Figure 2, shows process integration, using bioethanol steam reforming energy produced from combustion of bagasse. For this case the bagasse combustion gases are used to heat the steam reformer. Then, it is possible to produce near to 160 m3 h–1 of biosyngas (70.4 m3 h–1 of hydrogen), from 100 kg h–1 of sweetened juice. The bagasse needed to get this production is 28 kg h–1 only for reforming process, without utilities.

For last case, first stage concentrates near to 14% volume which is equivalent to molar ratio of 1:6 bioethanol-water for an appropriated process operation. Moreover, in this process the energy generated from combustion of biogas can be used to produce steam as utility fluid. The operation conditions for this process are shown on Table 2.

On the other hand, the utilities for two process integration cases were calculated as mass of bagasse necessary to supply this demand and for second case this quantity was inferior 36 kg bagasse/h vs 48 kg bagasse/h for first case for 100 kg h–1 of sweetened juice processed. That is because of bioethanol concentration by distillation requires most energy consumption. But, to produce hydrogen from bioethanol it is necessary to use more additional energy for steam reforming, this process consumes 28 kg bagasse/h. In summary, to produce hydrogen, 64 kg bagasse/h for 100 kg sweetened juice processed only required.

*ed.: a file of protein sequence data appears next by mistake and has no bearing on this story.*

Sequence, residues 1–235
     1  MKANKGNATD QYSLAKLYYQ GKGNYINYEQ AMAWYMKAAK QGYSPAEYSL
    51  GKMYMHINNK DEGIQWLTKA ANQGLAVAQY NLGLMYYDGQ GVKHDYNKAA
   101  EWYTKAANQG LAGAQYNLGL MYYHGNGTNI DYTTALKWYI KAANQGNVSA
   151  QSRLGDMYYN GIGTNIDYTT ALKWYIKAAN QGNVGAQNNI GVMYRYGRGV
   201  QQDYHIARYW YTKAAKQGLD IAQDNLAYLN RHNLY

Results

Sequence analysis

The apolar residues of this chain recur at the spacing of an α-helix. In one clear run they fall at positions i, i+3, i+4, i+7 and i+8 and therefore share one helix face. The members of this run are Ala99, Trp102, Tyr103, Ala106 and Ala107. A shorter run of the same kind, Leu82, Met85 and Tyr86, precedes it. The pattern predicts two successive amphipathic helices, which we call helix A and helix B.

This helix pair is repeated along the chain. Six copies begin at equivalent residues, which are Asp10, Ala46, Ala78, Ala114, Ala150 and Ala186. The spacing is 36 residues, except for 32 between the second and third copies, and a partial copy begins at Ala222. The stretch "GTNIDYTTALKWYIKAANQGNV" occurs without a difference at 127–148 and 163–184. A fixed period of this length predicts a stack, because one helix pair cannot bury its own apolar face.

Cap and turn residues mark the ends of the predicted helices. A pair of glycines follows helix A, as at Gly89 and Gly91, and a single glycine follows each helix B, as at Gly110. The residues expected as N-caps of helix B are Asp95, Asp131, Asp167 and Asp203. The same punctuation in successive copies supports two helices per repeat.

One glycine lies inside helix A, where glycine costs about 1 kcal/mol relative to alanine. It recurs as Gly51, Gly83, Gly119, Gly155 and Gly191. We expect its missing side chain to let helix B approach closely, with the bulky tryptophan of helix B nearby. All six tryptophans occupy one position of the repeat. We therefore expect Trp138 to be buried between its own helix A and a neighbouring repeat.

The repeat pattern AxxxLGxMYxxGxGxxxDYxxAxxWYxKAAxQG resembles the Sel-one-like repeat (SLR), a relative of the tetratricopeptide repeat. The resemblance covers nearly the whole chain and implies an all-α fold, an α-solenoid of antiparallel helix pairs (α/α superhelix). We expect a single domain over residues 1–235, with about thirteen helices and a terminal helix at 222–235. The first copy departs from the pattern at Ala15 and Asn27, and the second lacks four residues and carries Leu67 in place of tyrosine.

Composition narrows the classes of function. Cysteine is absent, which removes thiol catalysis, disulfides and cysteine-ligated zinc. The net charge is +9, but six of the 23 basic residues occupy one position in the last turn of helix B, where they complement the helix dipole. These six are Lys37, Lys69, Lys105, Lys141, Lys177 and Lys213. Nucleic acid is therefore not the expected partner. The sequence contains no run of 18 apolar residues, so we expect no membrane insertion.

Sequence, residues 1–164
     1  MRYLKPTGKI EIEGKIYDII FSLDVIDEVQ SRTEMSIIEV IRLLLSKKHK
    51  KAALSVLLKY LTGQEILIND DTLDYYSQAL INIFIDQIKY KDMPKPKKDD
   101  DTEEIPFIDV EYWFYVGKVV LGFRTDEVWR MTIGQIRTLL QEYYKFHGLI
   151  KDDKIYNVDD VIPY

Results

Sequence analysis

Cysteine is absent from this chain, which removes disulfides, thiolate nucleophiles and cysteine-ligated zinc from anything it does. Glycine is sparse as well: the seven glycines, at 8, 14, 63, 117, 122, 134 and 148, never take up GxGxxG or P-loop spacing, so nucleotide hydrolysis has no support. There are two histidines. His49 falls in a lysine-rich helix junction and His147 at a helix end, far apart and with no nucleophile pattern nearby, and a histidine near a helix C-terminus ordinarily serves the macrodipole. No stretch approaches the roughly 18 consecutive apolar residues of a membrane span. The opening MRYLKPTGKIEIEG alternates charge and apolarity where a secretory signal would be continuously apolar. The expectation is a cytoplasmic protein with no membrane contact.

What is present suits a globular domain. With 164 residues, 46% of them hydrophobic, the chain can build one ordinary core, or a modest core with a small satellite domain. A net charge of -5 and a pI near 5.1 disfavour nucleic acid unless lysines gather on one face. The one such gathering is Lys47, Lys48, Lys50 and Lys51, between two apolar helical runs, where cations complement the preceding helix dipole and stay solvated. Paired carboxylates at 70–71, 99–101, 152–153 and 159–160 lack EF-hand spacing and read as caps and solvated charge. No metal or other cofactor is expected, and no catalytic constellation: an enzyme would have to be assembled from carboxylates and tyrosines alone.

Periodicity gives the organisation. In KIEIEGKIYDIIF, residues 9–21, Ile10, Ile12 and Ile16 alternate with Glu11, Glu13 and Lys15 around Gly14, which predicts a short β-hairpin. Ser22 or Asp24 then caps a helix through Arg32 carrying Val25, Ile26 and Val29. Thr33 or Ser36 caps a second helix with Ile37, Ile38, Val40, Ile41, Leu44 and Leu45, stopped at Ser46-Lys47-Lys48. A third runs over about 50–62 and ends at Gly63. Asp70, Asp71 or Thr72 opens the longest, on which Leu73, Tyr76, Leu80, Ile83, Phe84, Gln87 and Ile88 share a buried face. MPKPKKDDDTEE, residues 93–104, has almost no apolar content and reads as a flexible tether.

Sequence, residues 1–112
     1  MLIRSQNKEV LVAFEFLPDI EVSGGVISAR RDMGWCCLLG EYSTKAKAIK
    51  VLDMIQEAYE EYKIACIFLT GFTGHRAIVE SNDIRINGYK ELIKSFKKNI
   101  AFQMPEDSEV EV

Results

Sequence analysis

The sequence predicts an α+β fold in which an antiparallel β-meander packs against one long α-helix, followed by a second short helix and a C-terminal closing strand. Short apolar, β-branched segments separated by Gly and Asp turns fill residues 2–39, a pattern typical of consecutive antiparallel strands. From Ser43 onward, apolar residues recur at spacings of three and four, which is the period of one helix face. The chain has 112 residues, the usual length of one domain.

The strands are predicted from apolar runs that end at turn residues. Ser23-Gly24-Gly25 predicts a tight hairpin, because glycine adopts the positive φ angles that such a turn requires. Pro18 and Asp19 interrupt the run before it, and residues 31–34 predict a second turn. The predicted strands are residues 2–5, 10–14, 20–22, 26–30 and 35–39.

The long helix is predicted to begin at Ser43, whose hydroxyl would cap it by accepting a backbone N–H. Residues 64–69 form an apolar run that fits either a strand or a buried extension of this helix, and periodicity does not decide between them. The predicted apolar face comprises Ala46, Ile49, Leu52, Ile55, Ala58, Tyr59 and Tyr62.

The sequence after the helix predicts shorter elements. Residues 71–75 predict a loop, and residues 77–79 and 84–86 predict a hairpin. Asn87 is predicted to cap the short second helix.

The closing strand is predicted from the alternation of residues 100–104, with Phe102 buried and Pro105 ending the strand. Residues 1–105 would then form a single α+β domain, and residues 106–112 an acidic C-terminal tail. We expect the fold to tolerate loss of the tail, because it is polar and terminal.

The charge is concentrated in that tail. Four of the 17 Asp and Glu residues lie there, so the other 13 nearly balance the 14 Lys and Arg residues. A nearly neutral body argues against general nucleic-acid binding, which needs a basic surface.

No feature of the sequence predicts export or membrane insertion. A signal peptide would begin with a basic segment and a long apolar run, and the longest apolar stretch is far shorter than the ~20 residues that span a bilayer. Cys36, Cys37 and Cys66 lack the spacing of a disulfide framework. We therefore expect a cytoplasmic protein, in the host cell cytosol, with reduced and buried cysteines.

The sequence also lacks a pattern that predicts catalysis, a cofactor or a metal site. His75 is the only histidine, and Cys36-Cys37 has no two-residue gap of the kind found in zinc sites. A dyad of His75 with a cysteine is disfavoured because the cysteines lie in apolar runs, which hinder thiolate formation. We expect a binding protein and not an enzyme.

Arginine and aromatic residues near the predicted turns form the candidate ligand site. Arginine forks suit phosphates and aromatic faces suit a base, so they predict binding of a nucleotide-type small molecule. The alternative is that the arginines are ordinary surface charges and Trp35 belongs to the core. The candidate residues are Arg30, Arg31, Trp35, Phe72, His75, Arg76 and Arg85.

Two strategies for process integration of bioethanol from sugar cane and hydrogen production were developed. First case, a lot of bioethanol produced was concentrated to industrial ethanol and other was used to get hydrogen by steam reforming with the utilities consumption of 2.6x105 kJ h–1 for 100 kg h–1 of sweetened juice processed. On second alternative for process integration, all bioethanol produced was used to obtain hydrogen. In this case the utilities required are 2x105 kJ h–1 for 100 kg h–1 of sweetened juice processed but, this process has a disadvantage that for bioethanol steam reforming is necessary and which requires an additional energy 1.14x105 kJ h–1 on the same basis.


We thank the international projects CYTED IV.21: Bioethanol fed fuel cells, CYTED 307RT0324: Hydrogen: production and purification, storage and transport, CYTED 306RT0279: Network of new technologies for biofuels production; at the Colombian Institute for Science and Technology Development Francisco José de Caldas-COLCIENCIAS and The Iberoamerican Cooperation on Science and Technology for the Development for the financial support of this research.